Ana Ivanovic beats Safina for her 1st Grand Slam title (RG)





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Published on Jun 8, 2008

PARIS - At last, Ana Ivanovic overcame her stage fright. In two previous major finals, Ivanovic was so overwhelmed by the setting, so shaken by the stakes, that her focus fell apart and her shots went awry. Not on this day.

Already assured of rising to No. 1 in the rankings for the first time, Ivanovic collected Grand Slam title No. 1 by beating Dinara Safina 6-4, 6-3 in the French Open final Saturday.

"Many, many people ask me, 'Oh, you want to forget last year's final?' But I don't, because it was a great learning experience," said Ivanovic, a 20-year-old from Serbia.

She won only three games against Henin, then eight against Sharapova, and said of the latter defeat: "I had a few sleepless nights after that."

"My personality is I tend too much to think about what will be, and try to think too much in advance, which is definitely not too good," Ivanovic said. "So I found that breathing helps me to go back in a moment and just enjoy that very moment."

"It was tough, because a lot of emotions build up inside," said Ivanovic, who was seeded No. 2 behind Sharapova at the French Open but will pass her in Monday's rankings. "All of a sudden, you're equal again. So to keep my composure at that point — it was huge for me."

In the very next game, Ivanovic broke back with a backhand winner of her own, then pumped her fist and let out one of her many yelps of "Hajde!" (sounds like "HIGH-deh!") — Serbian for "Come on!"

The final instance in which nerves might have come into play was in the seventh game of the second set, a 20-point tussle in which Ivanovic wasted two break points and Safina blew five game points. Adding to the tension, Safina kept backing out of her serving motion because the sobs of a child crying in the upper deck could be heard throughout the stadium. Eventually, Safina held to cut Ivanovic's lead to 4-3.

"Mental games out there today," Ivanovic said.

She remembered to stop and breathe and played with aplomb down the stretch, winning eight of the next nine points to end the match.

"Once you are on the court — it's much easier said than done — but you have to be a killer," Ivanovic said through a wide smile. "You have to put them under pressure and show your presence and stuff."

It might have helped Saturday that the recently retired Henin was in the front row in a red jacket, not on the court wielding a racket.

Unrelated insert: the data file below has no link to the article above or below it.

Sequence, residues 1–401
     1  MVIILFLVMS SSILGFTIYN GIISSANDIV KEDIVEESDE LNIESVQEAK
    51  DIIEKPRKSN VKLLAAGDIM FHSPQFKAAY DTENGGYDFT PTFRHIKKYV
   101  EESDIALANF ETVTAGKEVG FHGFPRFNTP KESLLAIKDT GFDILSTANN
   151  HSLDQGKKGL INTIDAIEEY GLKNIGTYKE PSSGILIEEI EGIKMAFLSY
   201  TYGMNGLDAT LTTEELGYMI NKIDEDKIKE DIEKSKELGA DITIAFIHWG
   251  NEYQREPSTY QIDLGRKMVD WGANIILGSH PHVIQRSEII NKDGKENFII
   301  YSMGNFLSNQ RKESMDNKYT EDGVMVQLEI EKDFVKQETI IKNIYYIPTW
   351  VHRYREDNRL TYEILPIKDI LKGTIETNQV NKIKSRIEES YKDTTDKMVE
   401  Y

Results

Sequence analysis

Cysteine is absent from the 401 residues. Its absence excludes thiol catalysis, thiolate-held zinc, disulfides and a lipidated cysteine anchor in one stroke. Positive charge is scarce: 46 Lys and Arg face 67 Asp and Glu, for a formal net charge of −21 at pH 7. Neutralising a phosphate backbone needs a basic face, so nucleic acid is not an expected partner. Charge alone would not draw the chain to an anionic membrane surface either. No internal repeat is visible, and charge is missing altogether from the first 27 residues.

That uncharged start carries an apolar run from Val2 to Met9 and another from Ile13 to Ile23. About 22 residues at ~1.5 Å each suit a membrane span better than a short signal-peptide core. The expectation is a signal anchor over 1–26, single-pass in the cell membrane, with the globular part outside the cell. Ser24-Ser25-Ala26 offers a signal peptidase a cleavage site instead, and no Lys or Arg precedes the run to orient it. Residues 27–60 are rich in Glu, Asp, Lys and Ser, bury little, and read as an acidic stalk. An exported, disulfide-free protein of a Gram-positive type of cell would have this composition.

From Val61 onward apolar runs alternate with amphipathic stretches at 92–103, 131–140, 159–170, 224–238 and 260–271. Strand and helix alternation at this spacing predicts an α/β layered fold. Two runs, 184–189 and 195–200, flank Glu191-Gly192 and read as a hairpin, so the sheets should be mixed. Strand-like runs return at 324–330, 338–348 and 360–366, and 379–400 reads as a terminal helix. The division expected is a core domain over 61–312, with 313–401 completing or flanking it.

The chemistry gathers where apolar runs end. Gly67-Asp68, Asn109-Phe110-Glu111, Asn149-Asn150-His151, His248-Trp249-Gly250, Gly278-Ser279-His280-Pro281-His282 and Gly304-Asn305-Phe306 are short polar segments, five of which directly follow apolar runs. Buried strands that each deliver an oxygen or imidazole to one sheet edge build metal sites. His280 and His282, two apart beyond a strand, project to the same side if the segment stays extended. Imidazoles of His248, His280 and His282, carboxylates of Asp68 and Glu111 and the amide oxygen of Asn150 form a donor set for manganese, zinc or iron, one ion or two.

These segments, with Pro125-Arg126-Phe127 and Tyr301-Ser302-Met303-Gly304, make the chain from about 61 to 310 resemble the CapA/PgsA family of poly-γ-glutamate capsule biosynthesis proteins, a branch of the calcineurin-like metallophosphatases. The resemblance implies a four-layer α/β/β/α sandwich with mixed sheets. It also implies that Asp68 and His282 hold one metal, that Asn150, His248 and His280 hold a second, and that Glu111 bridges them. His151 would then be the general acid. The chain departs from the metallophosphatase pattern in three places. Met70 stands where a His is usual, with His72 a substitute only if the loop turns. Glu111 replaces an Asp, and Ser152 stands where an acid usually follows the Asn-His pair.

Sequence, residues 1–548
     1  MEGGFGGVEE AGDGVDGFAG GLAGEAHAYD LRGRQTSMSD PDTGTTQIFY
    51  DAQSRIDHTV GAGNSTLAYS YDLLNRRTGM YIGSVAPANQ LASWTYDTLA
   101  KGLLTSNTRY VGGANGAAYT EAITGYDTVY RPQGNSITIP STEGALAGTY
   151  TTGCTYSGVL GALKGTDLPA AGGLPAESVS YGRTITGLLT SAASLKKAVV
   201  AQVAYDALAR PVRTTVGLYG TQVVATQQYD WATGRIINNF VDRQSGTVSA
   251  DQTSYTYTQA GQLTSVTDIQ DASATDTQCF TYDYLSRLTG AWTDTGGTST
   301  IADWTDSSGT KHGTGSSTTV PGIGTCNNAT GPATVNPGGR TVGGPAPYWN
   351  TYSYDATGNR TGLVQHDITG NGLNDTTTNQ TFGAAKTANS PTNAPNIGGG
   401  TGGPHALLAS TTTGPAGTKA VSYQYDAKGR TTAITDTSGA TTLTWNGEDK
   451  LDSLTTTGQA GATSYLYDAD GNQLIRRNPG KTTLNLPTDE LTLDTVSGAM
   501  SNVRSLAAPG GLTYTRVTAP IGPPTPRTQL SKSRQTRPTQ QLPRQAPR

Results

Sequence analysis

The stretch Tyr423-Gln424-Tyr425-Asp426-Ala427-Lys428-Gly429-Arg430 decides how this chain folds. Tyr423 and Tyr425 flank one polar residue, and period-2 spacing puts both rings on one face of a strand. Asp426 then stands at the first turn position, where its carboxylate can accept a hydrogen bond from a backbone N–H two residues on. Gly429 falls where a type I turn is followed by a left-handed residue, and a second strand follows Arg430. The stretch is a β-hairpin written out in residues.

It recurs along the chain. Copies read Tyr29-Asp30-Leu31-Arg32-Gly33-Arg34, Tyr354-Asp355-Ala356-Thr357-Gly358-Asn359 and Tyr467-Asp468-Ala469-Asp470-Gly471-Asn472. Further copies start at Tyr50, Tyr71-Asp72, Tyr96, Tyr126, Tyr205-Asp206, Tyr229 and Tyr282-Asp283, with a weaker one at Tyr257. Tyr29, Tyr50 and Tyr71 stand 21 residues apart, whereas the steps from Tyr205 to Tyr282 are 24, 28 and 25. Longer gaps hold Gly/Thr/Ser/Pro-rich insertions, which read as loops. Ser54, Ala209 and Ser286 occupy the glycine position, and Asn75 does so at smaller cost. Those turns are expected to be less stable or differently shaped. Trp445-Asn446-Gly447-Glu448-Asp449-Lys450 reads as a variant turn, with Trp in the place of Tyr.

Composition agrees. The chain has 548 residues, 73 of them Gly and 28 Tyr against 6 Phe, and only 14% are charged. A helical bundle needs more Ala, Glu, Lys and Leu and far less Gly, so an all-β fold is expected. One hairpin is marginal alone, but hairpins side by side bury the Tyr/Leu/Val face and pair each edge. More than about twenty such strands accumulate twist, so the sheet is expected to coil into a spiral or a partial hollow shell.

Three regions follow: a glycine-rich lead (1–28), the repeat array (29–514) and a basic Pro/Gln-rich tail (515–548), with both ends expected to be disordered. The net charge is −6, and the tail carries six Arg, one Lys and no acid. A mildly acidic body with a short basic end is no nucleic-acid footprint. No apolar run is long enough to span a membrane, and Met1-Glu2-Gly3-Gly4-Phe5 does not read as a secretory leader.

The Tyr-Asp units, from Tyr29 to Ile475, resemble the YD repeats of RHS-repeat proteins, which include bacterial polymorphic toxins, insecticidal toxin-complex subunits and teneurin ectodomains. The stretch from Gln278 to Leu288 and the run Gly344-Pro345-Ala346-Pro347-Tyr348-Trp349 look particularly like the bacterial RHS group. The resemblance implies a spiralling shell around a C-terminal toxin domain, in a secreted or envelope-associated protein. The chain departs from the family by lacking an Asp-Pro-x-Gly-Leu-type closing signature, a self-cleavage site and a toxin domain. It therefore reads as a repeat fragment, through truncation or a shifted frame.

Safina sure can wallop the ball, but she's hardly as complete a player as four-time French Open champion Henin, and never made it past the quarterfinals at any Grand Slam tournament until this one.

Nonetheless, Safina was trying to become the first woman to win a major title after having saved a match point against two opponents. Against both Sharapova in the fourth round, and No. 7 Elena Dementieva in the quarterfinals, Safina trailed by a set and 5-2 in the second set, then was a point from losing at 5-3, before coming all the way back to complete the upsets.

Those were part of a 12-match winning streak Safina carried into Saturday, including six victories over top-10 opponents.

"This time? I tried," Safina said, "but I didn't have any more of that fire."

When it was over, Ivanovic stood on a line judge's chair to climb into the stands for hugs and kisses with her parents, her brother and other supporters.

She spoke afterward about the days when she rode her bicycle to practice, thinking of being a champion one day. Those dreams might have seemed far away when, growing up in a war-torn land, Ivanovic honed her tennis skills in the winter by practicing on the floor of a drained indoor swimming pool.

This is the second consecutive Grand Slam tournament with a champion from her nation of 7.5 million people. Novak Djokovic won the men's title at the Australian Open.

"I said, 'Come on, he could do it — I could do it, too.' So it's something that for sure motivates," Ivanovic said, "and I hope also many young kids will get inspired from us."

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